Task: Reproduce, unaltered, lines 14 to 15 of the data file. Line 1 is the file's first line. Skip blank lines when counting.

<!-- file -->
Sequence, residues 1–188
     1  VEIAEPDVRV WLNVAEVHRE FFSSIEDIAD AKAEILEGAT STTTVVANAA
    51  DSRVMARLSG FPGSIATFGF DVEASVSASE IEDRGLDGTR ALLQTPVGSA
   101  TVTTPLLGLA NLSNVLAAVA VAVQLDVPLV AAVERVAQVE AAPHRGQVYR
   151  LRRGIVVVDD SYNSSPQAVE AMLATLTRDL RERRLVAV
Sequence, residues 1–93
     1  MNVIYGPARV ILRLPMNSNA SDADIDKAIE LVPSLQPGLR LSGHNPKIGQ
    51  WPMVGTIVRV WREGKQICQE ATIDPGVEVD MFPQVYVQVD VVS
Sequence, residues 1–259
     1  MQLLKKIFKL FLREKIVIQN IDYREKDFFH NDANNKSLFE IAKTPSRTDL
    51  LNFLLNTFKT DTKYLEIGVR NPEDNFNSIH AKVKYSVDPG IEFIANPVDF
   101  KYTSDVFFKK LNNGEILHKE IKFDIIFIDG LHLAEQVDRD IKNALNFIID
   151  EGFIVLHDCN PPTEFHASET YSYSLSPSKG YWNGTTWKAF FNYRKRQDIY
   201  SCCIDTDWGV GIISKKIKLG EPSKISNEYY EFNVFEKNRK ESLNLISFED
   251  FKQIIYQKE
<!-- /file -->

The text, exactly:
   201  SCCIDTDWGV GIISKKIKLG EPSKISNEYY EFNVFEKNRK ESLNLISFED
   251  FKQIIYQKE